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11 Jun 2021

Why we love the Tenement House

Transcript

Hi I’m Ana Sanchez-De la Vega. I am the Visitor Services Supervisor here at the Tenement House in Glasgow. This was the home of a mother and a daughter who moved in here in 1911 and lived in here for the rest of their lives without changing the things in the flat and keeping most of the things that they had. So it’s a treasure trove and it has lots of objects that are wonderful and from them we can learn about the history of Glasgow’s past.

Everything that’s in the Tenement House belonged to either Miss Toward or her mother, which means we haven’t dressed up the rooms to make it look like someone lived in here but actually it’s their things and it just feels really personal and you can’t make that up. It’s amazing, and you do get a sense of what she liked and how she was from the things in the flat.

I love this place because grandparents and grandchildren when they visit they have the most amazing connection and interaction in this place - I haven’t seen that anywhere else. Grandparents have all the knowledge of this bygone era and it’s really, really nice to see young children interacting with them.

The Tenement House is small but perfectly formed. It has four rooms. We have a bathroom, the kitchen, the good room of the house or the parlour, and the bedroom. Everyone’s favourite room is the kitchen, which is also my favourite room, and that would have been the heart of the home. They would have cooked here and sleep here and it’s filled with really lovely things and we know that Miss Toward really liked to cook because we have all of her recipes. It’s just a place that visitors come and they see the old range and they just tell you the most amazing stories. The range is one of the most important features in the kitchen. It would have been on 24/7 and it would have been used to cook, heat the water and would give you heat in the room as well.

Then the bathroom. Yhey were really, really lucky to have a toilet - a working toilet - and a bathtub in the tenement. That was not the case in the majority of tenements. And then in the bedroom we have all of Miss Toward’s things and Mrs Toward’s sewing machine that she bought - we have the receipt from that sewing machine. Then in the parlour it was the room where you would retreat and have a wee bit of leisure but at the same time if you had any visitors, it needed to look really, really smart so children were allowed in it and it was like the nice room of the house.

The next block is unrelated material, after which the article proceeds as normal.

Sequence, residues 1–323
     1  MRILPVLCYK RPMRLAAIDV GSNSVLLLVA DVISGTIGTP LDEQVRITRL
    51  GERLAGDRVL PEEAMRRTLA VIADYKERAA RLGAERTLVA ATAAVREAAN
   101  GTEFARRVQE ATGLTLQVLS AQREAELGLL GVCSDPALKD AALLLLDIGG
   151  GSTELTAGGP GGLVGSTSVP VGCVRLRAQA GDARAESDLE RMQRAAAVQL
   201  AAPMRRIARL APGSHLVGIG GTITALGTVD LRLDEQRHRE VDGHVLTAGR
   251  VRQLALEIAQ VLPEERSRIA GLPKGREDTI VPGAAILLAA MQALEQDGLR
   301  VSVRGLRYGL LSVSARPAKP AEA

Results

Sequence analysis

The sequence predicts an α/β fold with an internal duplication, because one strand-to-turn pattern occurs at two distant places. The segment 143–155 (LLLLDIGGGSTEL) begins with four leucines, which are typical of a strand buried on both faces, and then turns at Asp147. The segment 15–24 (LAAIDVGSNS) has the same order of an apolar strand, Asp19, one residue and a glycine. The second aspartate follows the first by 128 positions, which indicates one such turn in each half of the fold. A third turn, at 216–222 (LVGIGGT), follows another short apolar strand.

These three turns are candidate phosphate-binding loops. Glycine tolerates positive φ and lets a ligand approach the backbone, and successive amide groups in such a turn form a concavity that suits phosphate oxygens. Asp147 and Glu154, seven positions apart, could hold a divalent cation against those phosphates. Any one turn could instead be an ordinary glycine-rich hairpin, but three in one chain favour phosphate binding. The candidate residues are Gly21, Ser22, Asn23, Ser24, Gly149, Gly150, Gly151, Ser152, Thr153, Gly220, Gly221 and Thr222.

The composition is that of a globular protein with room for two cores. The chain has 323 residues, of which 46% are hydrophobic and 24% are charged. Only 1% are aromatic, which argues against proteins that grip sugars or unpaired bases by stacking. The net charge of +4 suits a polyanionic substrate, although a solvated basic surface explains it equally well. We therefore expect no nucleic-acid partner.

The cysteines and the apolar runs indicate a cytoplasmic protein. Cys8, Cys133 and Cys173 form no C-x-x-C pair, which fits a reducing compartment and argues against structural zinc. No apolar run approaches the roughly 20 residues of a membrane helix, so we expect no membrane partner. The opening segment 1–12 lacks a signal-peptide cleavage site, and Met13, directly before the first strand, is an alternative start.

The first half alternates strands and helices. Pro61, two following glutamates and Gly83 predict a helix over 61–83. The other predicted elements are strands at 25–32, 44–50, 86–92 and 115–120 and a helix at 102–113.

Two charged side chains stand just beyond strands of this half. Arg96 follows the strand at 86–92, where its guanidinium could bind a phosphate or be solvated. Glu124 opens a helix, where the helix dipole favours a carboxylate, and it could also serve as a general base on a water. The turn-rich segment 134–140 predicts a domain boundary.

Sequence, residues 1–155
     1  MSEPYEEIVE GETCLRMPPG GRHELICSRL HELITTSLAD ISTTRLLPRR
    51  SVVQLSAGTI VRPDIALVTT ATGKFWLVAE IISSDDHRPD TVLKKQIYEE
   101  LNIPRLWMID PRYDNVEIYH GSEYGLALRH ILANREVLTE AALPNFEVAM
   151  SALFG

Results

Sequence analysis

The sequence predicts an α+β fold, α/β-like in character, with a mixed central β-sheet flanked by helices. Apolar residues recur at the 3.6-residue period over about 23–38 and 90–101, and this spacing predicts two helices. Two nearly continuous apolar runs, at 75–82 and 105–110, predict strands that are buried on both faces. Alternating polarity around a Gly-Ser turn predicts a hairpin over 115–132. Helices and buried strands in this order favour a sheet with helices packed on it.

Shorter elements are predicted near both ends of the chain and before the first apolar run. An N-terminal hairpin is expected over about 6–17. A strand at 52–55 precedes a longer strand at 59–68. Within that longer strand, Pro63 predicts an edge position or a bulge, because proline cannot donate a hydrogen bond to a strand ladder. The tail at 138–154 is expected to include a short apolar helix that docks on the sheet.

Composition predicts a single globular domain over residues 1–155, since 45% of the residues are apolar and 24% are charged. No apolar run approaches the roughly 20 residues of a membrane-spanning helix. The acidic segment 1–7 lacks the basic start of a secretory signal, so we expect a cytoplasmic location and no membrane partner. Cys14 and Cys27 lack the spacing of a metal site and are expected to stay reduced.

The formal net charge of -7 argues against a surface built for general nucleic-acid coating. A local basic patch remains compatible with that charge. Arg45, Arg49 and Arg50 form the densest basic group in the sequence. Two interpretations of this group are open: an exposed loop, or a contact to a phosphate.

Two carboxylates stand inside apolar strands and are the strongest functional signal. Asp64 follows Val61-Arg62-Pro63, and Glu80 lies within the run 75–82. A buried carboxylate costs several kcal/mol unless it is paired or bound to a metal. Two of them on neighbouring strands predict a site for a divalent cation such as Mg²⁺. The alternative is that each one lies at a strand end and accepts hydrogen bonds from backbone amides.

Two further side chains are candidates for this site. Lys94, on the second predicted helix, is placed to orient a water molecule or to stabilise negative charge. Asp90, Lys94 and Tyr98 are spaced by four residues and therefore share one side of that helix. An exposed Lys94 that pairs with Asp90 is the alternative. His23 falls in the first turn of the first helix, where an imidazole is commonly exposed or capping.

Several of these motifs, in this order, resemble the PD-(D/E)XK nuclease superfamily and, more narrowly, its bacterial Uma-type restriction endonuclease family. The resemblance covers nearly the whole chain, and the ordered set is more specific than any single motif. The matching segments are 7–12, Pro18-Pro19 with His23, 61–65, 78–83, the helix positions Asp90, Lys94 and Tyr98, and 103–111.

When the visitors come to the Tenement House, the first thing they notice is the strong smell of gas. It immediately takes you back if you have lived with gaslights before. We’re one of the few places in the UK that actually still operates with gaslights and they give a lovely glow and they also give us a wee bit of heat, so they’re really nice. And they make a sound - they make a hiss. They just make the place so atmospheric and because we’re open through the winter as well visitors can see it when it’s dark outside and the place just changes completely. It’s a really nice, lovely thing to experience. If you’re lucky enough when you visit, we might let you have a go at lighting them!

When the Tenement House was discovered, Miss Toward had kept lots of things. This flat was overfilled with boxes and boxes and boxes of newspapers and dresses and all sorts of things. And now everything is tidy and with the help of our members and our supporters we’re able to preserve all of these things in our really nice and neatly organised archive. And for the first time ever our visitors to the Tenement House are going to be able to see behind the scenes as part of their core visit. You’ll be able to see some of the objects that we have been looking after but because of conservation reasons you haven’t been able to see before.

Glasgow people really, really love it and they can connect and they’re really proud of having this in Glasgow and it’s part of their story. Tenements are still all around the city so it’s great they can come and experience and see what it was like a hundred years ago and then find those features in their own tenement.

I love this place because when visitors come they can learn everything about Glasgow at the turn of the century, and the history of tenements is still being written because a lot of people still live in tenements today so there’s new chapters getting added to the stories and my favourite thing is that when we have visitors who have lived in a tenement they always tell us their own stories about tenements and that’s just the most wonderful thing to have.

From the hiss of gaslights to the coal-fired kitchen range, there’s plenty to discover at the Tenement House. Here we join Ana Sanchez, Visitor Services Supervisor, to find out what she loves most about the place.

The Tenement House will reopen on 2 July (Friday–Sunday) for pre-booked visits.

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